Commenced in January 2007
Frequency: Monthly
Edition: International
Paper Count: 15427

Search results for: multi-scale method

15427 Multiscale Edge Detection Based on Nonsubsampled Contourlet Transform

Authors: Enqing Chen, Jianbo Wang


It is well known that the wavelet transform provides a very effective framework for multiscale edges analysis. However, wavelets are not very effective in representing images containing distributed discontinuities such as edges. In this paper, we propose a novel multiscale edge detection method in nonsubsampled contourlet transform (NSCT) domain, which is based on the dominant multiscale, multidirection edge expression and outstanding edge location of NSCT. Through real images experiments, simulation results demonstrate that the proposed method is better than other edge detection methods based on Canny operator, wavelet and contourlet. Additionally, the proposed method also works well for noisy images.

Keywords: edge detection, NSCT, shift invariant, modulus maxima

Procedia PDF Downloads 408
15426 Building and Tree Detection Using Multiscale Matched Filtering

Authors: Abdullah H. Özcan, Dilara Hisar, Yetkin Sayar, Cem Ünsalan


In this study, an automated building and tree detection method is proposed using DSM data and true orthophoto image. A multiscale matched filtering is used on DSM data. Therefore, first watershed transform is applied. Then, Otsu’s thresholding method is used as an adaptive threshold to segment each watershed region. Detected objects are masked with NDVI to separate buildings and trees. The proposed method is able to detect buildings and trees without entering any elevation threshold. We tested our method on ISPRS semantic labeling dataset and obtained promising results.

Keywords: building detection, local maximum filtering, matched filtering, multiscale

Procedia PDF Downloads 222
15425 Specific Emitter Identification Based on Refined Composite Multiscale Dispersion Entropy

Authors: Shaoying Guo, Yanyun Xu, Meng Zhang, Weiqing Huang


The wireless communication network is developing rapidly, thus the wireless security becomes more and more important. Specific emitter identification (SEI) is an vital part of wireless communication security as a technique to identify the unique transmitters. In this paper, a SEI method based on multiscale dispersion entropy (MDE) and refined composite multiscale dispersion entropy (RCMDE) is proposed. The algorithms of MDE and RCMDE are used to extract features for identification of five wireless devices and cross-validation support vector machine (CV-SVM) is used as the classifier. The experimental results show that the total identification accuracy is 99.3%, even at low signal-to-noise ratio(SNR) of 5dB, which proves that MDE and RCMDE can describe the communication signal series well. In addition, compared with other methods, the proposed method is effective and provides better accuracy and stability for SEI.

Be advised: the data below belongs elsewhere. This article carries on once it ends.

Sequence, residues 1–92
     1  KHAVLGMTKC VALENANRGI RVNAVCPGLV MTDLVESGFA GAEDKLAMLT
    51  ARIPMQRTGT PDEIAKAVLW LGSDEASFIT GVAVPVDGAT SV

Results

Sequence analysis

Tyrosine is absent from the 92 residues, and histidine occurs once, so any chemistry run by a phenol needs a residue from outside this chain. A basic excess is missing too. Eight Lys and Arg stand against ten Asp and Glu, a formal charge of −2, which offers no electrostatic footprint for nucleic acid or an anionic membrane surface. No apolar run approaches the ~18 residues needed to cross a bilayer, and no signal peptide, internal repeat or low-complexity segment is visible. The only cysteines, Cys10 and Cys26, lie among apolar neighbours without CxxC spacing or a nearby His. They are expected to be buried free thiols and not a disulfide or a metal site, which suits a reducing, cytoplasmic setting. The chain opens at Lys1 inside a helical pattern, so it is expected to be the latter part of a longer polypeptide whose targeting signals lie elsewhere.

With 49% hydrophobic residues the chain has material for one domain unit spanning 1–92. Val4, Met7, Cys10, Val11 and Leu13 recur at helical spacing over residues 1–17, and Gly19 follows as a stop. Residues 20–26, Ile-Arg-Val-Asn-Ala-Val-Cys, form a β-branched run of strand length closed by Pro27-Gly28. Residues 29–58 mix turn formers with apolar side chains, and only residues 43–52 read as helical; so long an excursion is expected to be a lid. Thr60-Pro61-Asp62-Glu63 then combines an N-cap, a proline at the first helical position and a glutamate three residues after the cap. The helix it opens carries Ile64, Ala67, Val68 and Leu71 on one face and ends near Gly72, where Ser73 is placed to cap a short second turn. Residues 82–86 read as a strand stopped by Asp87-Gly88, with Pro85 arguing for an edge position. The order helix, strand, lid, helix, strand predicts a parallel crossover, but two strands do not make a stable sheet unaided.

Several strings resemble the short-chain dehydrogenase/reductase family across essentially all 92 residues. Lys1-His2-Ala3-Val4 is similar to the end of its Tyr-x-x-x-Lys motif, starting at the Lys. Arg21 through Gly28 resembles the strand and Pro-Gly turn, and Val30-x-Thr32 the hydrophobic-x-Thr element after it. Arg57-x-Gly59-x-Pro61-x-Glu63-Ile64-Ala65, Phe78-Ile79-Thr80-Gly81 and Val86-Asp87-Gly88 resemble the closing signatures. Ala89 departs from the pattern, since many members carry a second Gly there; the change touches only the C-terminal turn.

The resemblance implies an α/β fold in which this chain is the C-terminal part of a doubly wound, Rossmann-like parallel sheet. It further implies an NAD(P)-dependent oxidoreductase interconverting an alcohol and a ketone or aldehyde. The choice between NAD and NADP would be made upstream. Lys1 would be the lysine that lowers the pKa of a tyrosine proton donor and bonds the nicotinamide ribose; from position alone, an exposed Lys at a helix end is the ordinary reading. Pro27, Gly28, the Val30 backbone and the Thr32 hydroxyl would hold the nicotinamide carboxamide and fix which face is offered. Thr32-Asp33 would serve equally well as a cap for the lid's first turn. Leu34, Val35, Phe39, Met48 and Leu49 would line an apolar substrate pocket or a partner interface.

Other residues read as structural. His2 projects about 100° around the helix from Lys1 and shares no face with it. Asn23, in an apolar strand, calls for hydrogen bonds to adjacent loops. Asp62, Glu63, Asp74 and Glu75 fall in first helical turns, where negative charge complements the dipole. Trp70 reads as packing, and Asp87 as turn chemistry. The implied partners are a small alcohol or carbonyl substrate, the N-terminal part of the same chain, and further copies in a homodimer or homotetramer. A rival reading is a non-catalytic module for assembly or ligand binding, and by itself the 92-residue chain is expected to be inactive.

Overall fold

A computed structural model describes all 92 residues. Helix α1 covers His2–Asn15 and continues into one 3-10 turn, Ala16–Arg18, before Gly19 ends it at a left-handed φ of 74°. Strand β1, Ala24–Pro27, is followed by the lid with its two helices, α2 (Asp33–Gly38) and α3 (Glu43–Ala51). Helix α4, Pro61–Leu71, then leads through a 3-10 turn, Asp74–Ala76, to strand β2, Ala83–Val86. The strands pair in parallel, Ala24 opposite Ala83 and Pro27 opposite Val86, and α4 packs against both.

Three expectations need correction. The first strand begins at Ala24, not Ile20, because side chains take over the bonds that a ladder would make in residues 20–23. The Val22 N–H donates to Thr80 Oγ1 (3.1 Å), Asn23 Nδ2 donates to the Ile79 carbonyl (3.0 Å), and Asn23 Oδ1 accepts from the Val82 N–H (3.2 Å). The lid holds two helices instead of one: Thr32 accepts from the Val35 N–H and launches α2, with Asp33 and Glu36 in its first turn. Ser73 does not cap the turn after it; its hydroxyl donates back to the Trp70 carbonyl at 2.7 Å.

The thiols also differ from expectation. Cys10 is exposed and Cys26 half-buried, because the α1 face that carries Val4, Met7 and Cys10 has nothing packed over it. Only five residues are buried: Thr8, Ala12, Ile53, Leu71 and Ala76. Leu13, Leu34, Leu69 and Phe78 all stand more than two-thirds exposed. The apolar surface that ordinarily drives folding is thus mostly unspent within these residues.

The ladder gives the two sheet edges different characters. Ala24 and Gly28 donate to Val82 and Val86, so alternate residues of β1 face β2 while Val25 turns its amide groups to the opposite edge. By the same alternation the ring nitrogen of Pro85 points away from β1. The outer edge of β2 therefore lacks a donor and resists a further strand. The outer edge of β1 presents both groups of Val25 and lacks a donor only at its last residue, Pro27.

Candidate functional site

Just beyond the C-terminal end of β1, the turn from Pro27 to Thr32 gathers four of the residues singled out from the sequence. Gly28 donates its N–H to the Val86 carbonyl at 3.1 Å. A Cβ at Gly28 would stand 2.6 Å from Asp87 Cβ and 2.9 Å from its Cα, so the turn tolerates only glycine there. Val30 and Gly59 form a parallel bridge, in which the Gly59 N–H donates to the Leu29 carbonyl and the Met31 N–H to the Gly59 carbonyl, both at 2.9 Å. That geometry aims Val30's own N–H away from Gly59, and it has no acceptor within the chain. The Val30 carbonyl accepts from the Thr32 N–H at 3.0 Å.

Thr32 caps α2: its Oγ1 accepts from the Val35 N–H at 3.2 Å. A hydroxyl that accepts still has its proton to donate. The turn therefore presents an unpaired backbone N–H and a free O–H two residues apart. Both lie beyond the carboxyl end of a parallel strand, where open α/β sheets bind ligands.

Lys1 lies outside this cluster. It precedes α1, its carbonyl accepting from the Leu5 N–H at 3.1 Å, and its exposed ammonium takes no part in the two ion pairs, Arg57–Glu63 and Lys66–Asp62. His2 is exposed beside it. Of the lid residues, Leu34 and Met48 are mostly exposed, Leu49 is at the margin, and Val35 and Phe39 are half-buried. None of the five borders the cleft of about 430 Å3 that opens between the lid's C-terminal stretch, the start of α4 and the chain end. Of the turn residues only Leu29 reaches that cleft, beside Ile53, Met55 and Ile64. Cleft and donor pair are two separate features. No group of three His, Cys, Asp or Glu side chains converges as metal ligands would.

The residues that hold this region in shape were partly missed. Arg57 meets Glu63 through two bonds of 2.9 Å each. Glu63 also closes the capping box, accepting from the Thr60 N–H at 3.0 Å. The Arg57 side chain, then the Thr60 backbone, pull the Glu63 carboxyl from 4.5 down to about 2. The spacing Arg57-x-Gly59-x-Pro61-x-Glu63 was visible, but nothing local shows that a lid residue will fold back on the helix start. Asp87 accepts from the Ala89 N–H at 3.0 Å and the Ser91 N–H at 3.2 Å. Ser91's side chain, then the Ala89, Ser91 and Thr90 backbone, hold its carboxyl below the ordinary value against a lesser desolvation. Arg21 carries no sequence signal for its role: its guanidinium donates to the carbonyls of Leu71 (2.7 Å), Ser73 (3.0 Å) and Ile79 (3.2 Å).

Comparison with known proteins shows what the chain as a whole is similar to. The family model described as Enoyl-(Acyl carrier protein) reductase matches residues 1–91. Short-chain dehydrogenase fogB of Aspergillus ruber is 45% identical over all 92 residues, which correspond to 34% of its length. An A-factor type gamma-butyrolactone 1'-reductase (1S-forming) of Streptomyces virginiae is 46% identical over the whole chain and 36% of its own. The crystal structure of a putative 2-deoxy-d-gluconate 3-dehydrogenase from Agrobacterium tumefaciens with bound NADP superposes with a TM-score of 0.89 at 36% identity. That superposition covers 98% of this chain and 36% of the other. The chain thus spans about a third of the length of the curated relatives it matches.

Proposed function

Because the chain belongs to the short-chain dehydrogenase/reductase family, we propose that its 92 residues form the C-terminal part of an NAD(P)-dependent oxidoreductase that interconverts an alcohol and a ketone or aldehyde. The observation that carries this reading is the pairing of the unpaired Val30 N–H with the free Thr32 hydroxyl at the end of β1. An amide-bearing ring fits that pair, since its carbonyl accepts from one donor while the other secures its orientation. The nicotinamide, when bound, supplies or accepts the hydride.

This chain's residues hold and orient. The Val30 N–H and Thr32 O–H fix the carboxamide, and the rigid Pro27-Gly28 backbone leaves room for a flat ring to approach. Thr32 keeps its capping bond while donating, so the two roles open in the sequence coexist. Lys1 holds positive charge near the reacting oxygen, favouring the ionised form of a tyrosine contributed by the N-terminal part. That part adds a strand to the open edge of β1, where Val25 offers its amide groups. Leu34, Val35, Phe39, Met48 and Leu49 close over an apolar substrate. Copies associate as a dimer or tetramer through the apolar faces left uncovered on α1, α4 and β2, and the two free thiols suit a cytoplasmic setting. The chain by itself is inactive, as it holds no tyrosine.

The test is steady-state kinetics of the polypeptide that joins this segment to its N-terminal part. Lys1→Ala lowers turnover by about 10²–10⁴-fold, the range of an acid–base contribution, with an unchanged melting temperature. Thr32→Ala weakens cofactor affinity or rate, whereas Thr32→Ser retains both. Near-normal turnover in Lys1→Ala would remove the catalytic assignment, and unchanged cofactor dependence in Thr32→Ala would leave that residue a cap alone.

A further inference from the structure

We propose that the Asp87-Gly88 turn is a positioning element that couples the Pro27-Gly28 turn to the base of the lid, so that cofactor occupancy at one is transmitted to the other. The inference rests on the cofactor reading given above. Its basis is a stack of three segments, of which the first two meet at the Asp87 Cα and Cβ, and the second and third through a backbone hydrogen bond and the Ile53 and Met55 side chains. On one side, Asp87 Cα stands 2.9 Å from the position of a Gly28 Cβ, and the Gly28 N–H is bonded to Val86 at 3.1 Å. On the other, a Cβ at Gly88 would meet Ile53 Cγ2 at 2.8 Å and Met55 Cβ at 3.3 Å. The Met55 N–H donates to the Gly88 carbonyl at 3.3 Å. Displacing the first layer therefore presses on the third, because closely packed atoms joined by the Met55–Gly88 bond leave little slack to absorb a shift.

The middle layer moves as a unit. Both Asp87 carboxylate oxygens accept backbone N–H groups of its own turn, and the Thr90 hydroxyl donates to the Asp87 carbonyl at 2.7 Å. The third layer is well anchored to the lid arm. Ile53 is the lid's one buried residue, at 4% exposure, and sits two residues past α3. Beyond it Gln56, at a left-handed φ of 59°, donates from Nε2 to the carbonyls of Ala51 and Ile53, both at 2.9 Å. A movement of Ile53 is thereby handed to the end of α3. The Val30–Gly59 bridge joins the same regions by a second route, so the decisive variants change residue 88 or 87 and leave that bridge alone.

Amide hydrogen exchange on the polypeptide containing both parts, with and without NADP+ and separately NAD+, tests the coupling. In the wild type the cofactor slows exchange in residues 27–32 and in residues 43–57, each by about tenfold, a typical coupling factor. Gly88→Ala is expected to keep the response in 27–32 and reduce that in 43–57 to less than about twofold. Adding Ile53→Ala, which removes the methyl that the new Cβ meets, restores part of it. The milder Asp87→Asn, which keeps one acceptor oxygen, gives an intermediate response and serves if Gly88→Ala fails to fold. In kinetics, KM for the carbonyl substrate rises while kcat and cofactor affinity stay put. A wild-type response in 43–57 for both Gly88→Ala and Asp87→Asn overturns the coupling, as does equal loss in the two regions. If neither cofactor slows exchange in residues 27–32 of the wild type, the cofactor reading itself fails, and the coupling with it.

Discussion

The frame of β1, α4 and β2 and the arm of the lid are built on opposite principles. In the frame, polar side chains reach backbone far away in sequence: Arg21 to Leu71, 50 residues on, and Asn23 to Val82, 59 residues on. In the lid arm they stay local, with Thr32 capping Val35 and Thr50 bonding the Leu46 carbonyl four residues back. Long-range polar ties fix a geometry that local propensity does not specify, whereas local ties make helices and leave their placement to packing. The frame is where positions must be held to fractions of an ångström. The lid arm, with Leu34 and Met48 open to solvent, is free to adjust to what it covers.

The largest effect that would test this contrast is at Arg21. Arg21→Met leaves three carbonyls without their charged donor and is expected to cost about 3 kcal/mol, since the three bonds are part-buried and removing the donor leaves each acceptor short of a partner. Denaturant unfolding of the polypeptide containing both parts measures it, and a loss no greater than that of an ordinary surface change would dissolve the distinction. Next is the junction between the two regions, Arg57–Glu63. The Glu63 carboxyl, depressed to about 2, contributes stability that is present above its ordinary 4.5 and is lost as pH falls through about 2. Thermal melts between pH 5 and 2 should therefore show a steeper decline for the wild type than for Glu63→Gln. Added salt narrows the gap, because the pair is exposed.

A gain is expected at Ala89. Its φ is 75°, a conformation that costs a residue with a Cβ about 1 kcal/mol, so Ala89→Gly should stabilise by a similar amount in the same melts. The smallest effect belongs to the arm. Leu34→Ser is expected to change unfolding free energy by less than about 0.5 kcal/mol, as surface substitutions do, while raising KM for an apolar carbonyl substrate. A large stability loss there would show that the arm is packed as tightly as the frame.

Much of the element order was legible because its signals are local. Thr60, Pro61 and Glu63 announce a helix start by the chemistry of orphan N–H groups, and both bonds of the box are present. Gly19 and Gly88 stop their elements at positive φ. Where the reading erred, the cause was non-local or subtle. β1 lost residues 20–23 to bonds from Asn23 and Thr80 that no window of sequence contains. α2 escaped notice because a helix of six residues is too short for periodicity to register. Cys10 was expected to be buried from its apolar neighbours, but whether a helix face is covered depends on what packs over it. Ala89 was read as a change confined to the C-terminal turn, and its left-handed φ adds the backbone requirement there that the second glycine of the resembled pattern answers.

Keywords: cross-validation support vector machine, refined com- posite multiscale dispersion entropy, specific emitter identification, transient signal, wireless communication device

Procedia PDF Downloads 63
15424 The Effect of Pre-Cracks on Structural Strength of the Nextel Fibers: A Multiscale Modeling Approach

Authors: Seyed Mohammad Mahdi Zamani, Kamran Behdinan


In this study, a multiscale framework is performed to model the strength of Nextel fibers in presence of an atomistic scale pre-crack at finite temperatures. The bridging cell method (BCM) is the multiscale technique applied in this study, which decomposes the system into the atomistic, bridging and continuum domains; solves the whole system in a finite element framework; and incorporates temperature dependent calculations. Since Nextel is known to be structurally stable and retain 70% of its initial strength up to 1100°C; simulations are conducted at both of the room temperatures, 25°C, and fire temperatures, 1200°C. Two cases are modeled for a pre-crack present in either phases of alumina or mullite of the Nextel structure. The materials’ response is studied with respect to deformation behavior and ultimate tensile strength. Results show different crack growth trends for the two cases, and as the temperature increases, the crack growth resistance and material’s strength decrease.

Keywords: Nextel fibers, multiscale modeling, pre-crack, ultimate tensile strength

Procedia PDF Downloads 317
15423 Information System for Early Diabetic Retinopathy Diagnostics Based on Multiscale Texture Gradient Method

Authors: L. S. Godlevsky, N. V. Kresyun, V. P. Martsenyuk, K. S. Shakun, T. V. Tatarchuk, K. O. Prybolovets, L. F. Kalinichenko, M. Karpinski, T. Gancarczyk